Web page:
Private Pilot Licence (PPL) Test

October 10, 2016

PPL Photo

I did it, I’mΒ officially a Private Pilot! I guess I’m meant to know stuff now.

The day of my Private Pilot Licence (PPL) flight test is finally here. I don’t think I’ve ever been this nervous. Before we get into that though, let’s discuss the lead up.

Now, where did I leave you last. Oh yes, the not so awesome flight down the coast. Anyway, you’ll recall on the way back to Archerfield, Steve (the CFI at Gil Layt’s) said to me “Have you flown into the Sunshine Coast before? Because that’s where we’ll be heading in your test… which will be your next flight!”. Those words will stay with me for the rest of my life. It’s like the words came out of his mouth in slow motion and I knew where he was going with it before he finished speaking. I’ve been waiting a long time to hear those words and I was both excited and terrified at the same time.

When we returned to Archerfield on that day, Steve advised that before the test, we would need a 3 hour session to complete a PPL briefing, test me on any KDR’s from the PPL written test and plan the test itself. So I booked in a suitable date and time to reconvene.

A fortnight later, I was back at Gil Layt’s flying school, ready to prepare for my Private Pilot Licence (PPL) test (which was booked for the following week). Together, we went throught the rules and regs associated with private pilots in Australia – the do’s and don’ts if you like. Steve then tested me on items from my Knowledge Deficiency Report (KDR). Which included loading, P Charts and cloud types. When he was sufficiently satisfied that I knew what I was doing, we started to discuss the PPL flight test. Steve advised me to plan a flight from Archerfield (YBAF) – Kilkivan – Biggenden – Gympie (YGYM) – Sunshine Coast (YBSU) – Caboolture (YCAB) – Archerfield (YBAF). He gave me a few pointers like to expect a diversion, emergency procedures and other manouvres. We then went on to complete the paperwork needed for the license application like copies of my licence, passport photos etc. With all the admin done, I left terrified that the very next week, I would be completing my PPL flight test.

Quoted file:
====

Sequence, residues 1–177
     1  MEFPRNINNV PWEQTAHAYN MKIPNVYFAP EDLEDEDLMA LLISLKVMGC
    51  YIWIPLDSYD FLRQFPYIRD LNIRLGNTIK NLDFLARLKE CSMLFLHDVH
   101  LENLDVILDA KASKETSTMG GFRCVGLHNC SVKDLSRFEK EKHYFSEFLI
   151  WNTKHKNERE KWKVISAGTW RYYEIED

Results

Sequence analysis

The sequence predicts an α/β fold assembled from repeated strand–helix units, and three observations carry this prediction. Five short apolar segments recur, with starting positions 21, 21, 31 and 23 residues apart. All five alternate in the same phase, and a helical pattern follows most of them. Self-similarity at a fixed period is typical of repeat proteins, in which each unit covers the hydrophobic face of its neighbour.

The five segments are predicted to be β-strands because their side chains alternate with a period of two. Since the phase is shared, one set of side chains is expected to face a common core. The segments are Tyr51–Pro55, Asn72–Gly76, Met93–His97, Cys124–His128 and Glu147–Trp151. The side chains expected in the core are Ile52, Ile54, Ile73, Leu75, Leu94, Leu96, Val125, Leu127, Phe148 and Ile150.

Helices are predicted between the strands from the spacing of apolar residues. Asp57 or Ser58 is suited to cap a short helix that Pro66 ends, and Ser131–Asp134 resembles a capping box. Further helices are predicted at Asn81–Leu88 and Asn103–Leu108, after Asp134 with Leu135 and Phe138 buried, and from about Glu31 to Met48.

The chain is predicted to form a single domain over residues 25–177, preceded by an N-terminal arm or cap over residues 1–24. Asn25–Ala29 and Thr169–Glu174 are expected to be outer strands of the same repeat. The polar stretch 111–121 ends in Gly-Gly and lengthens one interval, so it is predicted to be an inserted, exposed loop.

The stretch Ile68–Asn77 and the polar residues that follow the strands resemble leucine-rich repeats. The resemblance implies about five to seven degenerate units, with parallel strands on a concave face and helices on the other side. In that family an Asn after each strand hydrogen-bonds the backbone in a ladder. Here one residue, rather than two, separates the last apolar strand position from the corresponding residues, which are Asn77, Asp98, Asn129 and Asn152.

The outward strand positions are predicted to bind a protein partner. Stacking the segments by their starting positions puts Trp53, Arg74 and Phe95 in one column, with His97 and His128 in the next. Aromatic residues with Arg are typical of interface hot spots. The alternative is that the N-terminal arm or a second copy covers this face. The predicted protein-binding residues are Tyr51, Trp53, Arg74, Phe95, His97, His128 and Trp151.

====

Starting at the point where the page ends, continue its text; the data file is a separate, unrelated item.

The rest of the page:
The next week consisted of flight planning, prepping and simulating. I flew the route in the sim about 5 times to get my head around what to expect as well as rehearsing radio calls (especially heading into YBSU). By the night before the flight, I felt like I was as prepared as I could possibly be.

On the day, I turned up to Gil Layt’s Flying School about an hour before my scheduled departure time with my flight and fuel plans complete. All that was left to do was submit my plan with Airservices Australia. On arrival, Steve was ready and raring to go. It threw me for a six, now I didn’t have much time to relax and I could feel myself starting to get flustered. I took a few deep breathes, reassured myself that I knew what I was doing and got on with it. I submitted my flight plan, ordered some fuel and headed out to the plane (VH-TKJ) ahead of Steve to get things set up. I decided not to record this flight as I know Steve’s not a huge fan. Thankfully I didn’t get a call from Air Services asking questions about my plan, like “it says here you have an emergency slide and 2 inflatable boats, is that correct” πŸ˜‰

Once the preflights were done and Steve was strapped in, we headed on out. Now, this is where I would usually give you a blow by blow of the flight, but as this was a test, I won’t go into too much detail. If you have any specific questions, just contact me and I’m happy to share πŸ™‚

The flight itself went well, with lots of landings (short field, flapless, glide), circuits, emergency procedures, a diversion, some instrument flight, dead reckoning (obviously), GPS and VOR navigation, controlled airspace and non-controlled airspace. The strangest part though was conducting low flying through the country. 30 or so nm of flying at 500 feet is quite strange and not something that i’ve completed before.

All up, I was very impressed with how professional and fair Steve was. I had a couple of errors like a sloppy landing but, Steve appreciated a go around and reassured me that it’s ok to not have a perfect landing, it’s the decisions you make and how you recover that mattters. He also asked for some navigation using the GPS which impressed me. On the way home, once I’d successfully not gotten us lost and was back in familar territory, Steve eased my mind by letting me know that I had passed the test. I was so releived, I could have hugged him (lucky I didn’t, I don’t think he’s a hugging type of guy).

We landed and taxied back to the line. I couldn’t believe it, I was actually a Private Pilot. All of this work that I’ve put in has finally paid off! I could relax and just enjoy my flying now. Such a good feeling!



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